The New York Times in a recent “Close at Hand” article from their Food section, highlighted Bedtime Math’s founder, Laura Overdeck and her practical yet playful approach to teaching children math.
Mrs. Overdeck who holds a BA in Physics from Princeton has been fascinated with figuring out how mechanical appliances work since her youth. Today, she shares her passion for math with children around the country through her non-profit Bedtime Math.
Mrs. Overdeck designed Bedtime Math to be a fun, interactive educational tool that parents can use to teach math and problem solving skills to their children.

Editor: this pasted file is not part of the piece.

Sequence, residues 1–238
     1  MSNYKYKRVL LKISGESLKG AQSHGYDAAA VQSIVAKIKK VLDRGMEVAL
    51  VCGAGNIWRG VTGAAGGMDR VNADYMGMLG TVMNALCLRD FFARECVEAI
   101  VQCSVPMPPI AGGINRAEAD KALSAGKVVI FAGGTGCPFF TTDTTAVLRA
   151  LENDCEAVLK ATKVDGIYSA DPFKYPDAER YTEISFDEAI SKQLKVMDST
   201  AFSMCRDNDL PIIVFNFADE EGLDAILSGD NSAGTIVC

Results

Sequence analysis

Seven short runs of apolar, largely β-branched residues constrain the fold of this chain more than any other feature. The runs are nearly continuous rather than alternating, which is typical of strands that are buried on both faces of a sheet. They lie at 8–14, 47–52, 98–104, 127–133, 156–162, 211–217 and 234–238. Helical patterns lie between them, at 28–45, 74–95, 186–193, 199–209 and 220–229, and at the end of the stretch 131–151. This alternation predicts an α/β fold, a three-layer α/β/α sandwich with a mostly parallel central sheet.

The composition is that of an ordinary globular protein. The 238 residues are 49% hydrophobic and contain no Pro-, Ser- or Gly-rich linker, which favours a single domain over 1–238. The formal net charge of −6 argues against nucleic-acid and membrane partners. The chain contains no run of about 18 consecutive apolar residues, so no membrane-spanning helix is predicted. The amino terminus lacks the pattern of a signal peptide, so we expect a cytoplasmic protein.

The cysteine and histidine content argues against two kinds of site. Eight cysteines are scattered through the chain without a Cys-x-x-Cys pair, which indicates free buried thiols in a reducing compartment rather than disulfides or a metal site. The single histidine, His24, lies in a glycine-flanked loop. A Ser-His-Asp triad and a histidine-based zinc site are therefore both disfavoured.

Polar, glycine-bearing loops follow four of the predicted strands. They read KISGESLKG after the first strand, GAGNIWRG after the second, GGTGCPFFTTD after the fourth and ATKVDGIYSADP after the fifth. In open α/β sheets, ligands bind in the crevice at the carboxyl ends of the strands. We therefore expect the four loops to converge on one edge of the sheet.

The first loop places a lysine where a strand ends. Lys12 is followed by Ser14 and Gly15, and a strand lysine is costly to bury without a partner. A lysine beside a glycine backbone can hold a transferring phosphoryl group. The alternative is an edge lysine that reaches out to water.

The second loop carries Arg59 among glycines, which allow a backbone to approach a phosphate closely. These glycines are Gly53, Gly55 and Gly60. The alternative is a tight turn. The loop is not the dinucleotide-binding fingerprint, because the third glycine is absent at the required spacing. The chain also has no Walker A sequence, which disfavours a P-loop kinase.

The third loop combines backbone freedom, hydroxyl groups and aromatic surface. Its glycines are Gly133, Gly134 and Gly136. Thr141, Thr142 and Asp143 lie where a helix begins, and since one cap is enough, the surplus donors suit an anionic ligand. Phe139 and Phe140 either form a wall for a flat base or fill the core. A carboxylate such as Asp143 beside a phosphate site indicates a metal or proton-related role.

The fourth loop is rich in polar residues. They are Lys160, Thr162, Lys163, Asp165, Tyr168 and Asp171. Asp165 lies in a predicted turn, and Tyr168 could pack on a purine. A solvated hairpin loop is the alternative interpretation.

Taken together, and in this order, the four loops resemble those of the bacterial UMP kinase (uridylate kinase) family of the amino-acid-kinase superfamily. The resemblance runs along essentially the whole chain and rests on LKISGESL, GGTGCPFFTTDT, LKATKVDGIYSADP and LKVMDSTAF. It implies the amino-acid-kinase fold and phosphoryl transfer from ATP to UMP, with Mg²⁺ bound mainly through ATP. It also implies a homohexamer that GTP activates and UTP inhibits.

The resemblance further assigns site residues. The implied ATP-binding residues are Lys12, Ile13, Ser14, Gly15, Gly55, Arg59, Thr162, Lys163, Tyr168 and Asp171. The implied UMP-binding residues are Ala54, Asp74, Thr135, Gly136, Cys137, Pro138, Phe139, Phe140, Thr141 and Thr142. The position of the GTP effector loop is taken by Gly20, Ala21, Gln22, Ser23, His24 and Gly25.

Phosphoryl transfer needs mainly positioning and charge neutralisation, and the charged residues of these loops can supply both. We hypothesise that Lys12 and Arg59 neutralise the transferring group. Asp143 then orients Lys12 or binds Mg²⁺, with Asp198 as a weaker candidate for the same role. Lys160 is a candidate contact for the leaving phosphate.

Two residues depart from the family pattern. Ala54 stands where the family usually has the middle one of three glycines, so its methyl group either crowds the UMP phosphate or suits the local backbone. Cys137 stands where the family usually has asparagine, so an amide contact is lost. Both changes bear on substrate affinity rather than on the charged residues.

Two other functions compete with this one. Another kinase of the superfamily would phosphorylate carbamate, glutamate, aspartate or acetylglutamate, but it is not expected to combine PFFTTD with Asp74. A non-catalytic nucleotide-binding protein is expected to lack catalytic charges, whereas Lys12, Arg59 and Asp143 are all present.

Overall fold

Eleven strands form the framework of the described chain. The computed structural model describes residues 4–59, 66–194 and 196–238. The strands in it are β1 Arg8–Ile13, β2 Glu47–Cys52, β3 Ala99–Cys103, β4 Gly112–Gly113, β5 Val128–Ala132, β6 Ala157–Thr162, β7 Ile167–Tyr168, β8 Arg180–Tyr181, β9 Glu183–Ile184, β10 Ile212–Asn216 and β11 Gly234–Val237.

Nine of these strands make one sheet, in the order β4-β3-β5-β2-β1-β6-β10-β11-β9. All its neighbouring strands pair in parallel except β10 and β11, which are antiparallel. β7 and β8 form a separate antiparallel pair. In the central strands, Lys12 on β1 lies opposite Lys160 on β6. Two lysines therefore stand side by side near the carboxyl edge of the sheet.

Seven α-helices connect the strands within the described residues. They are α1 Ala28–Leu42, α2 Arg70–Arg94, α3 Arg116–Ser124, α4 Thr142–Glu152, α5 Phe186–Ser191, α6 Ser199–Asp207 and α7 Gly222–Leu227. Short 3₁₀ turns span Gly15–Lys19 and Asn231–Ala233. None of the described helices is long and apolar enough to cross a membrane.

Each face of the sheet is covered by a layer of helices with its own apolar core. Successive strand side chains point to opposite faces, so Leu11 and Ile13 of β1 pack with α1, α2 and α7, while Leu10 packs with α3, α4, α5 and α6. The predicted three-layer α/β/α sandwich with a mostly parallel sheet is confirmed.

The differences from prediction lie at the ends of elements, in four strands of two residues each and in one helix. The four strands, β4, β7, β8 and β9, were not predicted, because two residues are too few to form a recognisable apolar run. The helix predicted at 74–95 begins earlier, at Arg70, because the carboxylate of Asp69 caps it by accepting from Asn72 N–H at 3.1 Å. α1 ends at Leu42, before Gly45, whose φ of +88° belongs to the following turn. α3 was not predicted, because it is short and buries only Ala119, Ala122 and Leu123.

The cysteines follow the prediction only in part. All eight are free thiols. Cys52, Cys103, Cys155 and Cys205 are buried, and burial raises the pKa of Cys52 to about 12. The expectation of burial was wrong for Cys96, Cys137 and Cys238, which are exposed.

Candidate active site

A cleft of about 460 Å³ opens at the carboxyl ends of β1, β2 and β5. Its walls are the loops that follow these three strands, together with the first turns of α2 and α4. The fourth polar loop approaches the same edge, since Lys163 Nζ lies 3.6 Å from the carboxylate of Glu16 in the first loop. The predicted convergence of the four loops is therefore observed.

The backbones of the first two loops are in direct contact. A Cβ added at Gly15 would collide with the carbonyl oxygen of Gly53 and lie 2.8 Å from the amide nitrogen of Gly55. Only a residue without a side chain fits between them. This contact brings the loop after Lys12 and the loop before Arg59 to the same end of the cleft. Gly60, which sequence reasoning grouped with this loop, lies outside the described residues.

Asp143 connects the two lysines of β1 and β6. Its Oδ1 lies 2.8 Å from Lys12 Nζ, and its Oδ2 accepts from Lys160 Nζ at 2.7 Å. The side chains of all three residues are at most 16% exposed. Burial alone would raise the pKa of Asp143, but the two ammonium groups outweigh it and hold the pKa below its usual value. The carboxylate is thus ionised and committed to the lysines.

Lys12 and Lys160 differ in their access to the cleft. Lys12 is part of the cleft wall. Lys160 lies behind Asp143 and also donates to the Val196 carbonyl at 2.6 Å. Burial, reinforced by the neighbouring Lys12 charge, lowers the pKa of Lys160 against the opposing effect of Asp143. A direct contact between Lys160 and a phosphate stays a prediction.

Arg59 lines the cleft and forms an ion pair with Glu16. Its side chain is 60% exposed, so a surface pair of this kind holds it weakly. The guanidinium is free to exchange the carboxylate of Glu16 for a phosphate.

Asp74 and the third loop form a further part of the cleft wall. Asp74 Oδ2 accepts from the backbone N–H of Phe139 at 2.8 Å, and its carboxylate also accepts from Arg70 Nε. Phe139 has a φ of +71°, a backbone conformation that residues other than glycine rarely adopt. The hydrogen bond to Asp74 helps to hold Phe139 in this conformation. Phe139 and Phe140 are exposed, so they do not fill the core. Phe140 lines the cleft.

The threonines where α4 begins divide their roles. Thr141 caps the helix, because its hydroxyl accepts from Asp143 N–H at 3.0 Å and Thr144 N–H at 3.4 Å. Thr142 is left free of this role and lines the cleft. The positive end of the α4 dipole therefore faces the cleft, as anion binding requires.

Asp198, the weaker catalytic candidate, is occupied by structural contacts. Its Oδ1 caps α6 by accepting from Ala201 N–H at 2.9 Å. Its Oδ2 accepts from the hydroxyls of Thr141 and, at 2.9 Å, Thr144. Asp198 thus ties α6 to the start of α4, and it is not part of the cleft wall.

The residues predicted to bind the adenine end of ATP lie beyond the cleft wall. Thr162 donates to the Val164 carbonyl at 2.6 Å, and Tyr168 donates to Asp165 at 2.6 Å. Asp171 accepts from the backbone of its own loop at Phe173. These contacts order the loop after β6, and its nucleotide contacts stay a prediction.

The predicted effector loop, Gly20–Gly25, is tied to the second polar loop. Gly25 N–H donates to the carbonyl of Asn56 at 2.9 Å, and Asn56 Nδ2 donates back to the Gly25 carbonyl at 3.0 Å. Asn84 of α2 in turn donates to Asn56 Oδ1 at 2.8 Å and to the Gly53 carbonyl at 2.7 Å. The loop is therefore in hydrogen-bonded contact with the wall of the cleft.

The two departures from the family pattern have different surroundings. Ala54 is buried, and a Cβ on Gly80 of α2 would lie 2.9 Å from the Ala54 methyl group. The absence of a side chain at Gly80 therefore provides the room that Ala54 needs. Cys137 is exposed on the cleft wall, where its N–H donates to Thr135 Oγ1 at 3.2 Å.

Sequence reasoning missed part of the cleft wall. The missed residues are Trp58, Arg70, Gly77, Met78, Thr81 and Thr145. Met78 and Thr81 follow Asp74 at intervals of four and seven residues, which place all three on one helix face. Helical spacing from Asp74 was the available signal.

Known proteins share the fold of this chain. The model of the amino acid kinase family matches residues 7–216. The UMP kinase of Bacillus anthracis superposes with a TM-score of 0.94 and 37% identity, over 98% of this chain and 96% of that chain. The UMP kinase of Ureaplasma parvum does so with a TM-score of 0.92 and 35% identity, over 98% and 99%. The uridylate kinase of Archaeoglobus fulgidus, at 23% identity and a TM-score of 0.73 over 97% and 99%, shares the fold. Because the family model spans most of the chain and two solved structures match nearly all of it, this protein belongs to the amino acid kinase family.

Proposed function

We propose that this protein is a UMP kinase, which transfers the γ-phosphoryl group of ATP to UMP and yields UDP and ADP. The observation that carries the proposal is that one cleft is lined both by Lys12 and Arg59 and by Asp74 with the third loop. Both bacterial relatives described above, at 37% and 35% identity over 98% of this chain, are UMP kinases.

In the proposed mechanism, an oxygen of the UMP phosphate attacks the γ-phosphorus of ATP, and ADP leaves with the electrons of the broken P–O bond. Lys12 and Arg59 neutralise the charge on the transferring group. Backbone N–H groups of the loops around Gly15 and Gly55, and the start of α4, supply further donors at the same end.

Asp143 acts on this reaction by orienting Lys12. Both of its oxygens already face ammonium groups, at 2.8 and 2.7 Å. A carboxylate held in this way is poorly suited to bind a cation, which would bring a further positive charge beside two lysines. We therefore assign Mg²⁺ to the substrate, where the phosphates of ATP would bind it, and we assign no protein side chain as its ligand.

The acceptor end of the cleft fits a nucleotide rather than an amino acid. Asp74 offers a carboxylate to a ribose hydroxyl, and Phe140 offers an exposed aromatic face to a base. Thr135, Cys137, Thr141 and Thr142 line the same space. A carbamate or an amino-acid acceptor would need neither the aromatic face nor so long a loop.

Among Bedtime Math’s many great resources for parents is a trilogy of books which use charming illustrations alongside short problem sets that the kids can work on before they go to bed. Each problem set then has three levels of questions designed for different ages: Wee Ones, Little Kids, and Big Kids.
The non-profit has also expanded its list of resources to include problem sets and in-class supplements for teachers to use in the classroom.
The Council for Economic Education is happy to work alongside Mrs. Overdeck and Bedtime Math in raising the standards of education in the U.S. CEE’s vision is for children of all ages to get the “math bug” and begin exploring the many wonderful ways in which math effects every area of their life, whether it is building castles out of LEGOs, designing engines for NASA, or simply getting the right amount of eggs and milk into the cake mix.